Have you ever been to a place that has terrible Wi-Fi? An airport, a barber shop, or at your local auto parts store? If you did, you probably remember the exact name of the place as well as the experience you had. You remember how it took you ages to load a simple webpage, and how it kept booting you off the network. On the other hand, you can’t recall too many of the good Wi-Fi experiences you had. “I don’t need to,” you think, because being ‘good,’ fast, and stable is the expectation in 2021.
Too many times, customers would come into the Best Buy I worked at and buy the least-expensive router we had. They refused to listen to my — and others’ — recommendations that they should likely upgrade to something more powerful than a $30, N300 router. I never recommended things that I knew they didn’t need; I wasn’t a commission-based salesperson and had no true incentive to sell people extremely expensive products.
If someone mentioned they had a five-bedroom home with four people streaming 4K Netflix at all times, I’d do my best to make sure they didn’t end up with a router designed for a small apartment. Despite my pleas, they’d often ignore my advice and rationale; one customer even said that “paying over $50 for Wi-Fi is a scam.” More often than not, they’d buy the $30 router and then come back complaining that it didn’t work [as well as they hoped it to.] Naturally, they often refused to admit that they should have bought a better router; instead, they‘d grumble about prices and the government.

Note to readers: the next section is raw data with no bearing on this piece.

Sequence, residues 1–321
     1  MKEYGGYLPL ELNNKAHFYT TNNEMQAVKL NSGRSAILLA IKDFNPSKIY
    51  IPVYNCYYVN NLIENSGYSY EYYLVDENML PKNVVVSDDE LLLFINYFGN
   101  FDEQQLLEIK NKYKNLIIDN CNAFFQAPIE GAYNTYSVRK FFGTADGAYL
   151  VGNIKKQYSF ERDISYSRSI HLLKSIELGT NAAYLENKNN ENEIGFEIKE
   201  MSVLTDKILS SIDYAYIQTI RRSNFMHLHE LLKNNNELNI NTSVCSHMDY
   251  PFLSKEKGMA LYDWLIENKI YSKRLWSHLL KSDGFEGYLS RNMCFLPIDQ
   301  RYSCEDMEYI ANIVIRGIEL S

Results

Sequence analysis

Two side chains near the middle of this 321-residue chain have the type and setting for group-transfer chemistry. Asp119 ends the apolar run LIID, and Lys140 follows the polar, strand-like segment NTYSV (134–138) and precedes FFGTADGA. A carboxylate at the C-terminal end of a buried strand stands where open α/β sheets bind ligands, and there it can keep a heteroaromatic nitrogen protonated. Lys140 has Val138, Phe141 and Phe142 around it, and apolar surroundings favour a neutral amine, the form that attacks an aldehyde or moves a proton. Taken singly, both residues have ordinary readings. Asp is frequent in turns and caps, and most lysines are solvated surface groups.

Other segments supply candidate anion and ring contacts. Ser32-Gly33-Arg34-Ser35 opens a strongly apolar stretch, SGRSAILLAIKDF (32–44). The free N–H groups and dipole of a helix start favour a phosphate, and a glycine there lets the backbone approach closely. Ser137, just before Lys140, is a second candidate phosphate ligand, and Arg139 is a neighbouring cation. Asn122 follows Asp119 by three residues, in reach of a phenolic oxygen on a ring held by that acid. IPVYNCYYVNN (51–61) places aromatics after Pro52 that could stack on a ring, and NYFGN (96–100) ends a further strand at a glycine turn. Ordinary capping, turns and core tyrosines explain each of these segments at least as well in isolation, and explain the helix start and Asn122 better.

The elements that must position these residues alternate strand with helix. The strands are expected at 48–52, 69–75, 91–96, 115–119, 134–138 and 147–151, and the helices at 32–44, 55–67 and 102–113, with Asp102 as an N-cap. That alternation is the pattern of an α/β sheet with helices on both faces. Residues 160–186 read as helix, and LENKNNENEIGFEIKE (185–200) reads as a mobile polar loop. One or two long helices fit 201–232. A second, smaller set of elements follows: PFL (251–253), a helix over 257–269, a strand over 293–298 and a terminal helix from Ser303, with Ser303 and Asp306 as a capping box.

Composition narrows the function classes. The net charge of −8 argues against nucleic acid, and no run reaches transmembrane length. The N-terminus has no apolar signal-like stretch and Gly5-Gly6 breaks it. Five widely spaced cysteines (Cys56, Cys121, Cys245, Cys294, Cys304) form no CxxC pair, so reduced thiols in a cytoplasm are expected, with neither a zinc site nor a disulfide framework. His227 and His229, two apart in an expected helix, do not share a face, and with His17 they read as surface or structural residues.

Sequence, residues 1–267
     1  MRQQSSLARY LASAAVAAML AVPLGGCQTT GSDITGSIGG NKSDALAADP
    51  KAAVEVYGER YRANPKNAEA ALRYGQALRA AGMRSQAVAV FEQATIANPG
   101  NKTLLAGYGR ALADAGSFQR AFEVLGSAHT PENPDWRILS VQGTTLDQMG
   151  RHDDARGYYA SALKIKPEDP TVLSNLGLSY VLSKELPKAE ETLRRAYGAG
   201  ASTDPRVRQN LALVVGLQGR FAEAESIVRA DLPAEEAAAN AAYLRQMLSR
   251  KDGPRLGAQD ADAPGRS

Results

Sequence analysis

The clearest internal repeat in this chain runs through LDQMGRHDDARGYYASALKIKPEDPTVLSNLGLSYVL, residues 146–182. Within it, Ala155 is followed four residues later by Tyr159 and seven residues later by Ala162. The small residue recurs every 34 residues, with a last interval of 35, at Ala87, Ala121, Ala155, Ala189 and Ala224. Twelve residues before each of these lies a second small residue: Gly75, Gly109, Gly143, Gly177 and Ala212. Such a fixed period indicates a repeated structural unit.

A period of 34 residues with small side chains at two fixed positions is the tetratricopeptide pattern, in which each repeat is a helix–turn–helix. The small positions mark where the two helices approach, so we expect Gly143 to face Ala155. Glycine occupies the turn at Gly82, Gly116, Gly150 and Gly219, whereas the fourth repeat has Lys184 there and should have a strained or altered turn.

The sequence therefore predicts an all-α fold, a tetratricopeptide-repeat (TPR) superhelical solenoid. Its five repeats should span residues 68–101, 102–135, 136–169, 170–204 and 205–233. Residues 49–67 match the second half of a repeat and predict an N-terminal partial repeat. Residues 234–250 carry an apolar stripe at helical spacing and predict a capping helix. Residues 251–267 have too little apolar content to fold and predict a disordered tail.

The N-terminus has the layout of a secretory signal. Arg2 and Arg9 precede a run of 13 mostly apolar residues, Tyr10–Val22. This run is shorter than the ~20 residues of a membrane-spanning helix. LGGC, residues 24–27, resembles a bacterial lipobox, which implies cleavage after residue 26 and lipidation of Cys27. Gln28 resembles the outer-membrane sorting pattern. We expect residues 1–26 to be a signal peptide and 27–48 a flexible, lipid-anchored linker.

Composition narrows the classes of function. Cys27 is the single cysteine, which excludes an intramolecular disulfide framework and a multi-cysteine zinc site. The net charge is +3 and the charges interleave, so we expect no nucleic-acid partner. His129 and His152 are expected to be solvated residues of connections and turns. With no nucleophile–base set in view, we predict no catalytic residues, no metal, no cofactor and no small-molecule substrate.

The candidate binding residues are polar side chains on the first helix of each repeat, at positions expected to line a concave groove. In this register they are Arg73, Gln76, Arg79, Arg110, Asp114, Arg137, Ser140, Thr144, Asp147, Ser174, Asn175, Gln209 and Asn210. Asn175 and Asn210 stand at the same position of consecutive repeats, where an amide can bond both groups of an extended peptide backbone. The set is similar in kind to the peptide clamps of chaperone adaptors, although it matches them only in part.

When a customer bought something that suited their needs, they often didn’t pay us a subsequent visit regarding that product. The product they bought worked and they were likely satisfied. There would be some people that came in and thanked us for giving them a solid recommendation. In some cases, their experience would be better-than-expected because they weren’t used to doing things like watching a video and not having it buffer.
Most people don’t feel the need to vocalize their satisfactory experiences; others chomp at the bit for the opportunity to leave a scathing, negative review of a product or experience. Whether it be at someones’ house or at a business, it’s always a nice feeling when you can quickly connect to Wi-Fi and have a seamless, fast experience. If you leave a review (Google, Yelp) for a business, you might not mention that the Wi-Fi was great; instead, you’re much more likely to mention it was terrible if you had a poor experience.
Avoiding Negative Perception
Simply delivering a positive, issue-free Wi-Fi experience for your friends, family, customers, or whatever they may be might not affect your image very much. On the other hand, delivering a poor Wi-Fi experience can be quite detrimental to you. Your friends will remember that your house has shoddy, unreliable Wi-Fi, or your customers will feel that their internet-centered lives will be affected and hindered once they walk into your establishment.
I’m not writing this piece to try to sell you a particular product. I’m just annoyed that people and/or businesses go out of their way to avoid spending what they should spend in order to provide guests or customers with good, seamless experiences. I understand that these kinds of products can be expensive — especially setting up wireless access points and other networking-related equipment for a small business. However, if you run a business and want to strengthen your guests’ or clients’ perception of you, providing them with a poor Wi-Fi experience will do anything but that.
So, if you’re looking for something to improve your guests’ experience, invest in good Wi-Fi. If you don’t care about improving peoples’ experiences but would care about them thinking poorly of you, you should still do yourself a favor and invest in good Wi-Fi.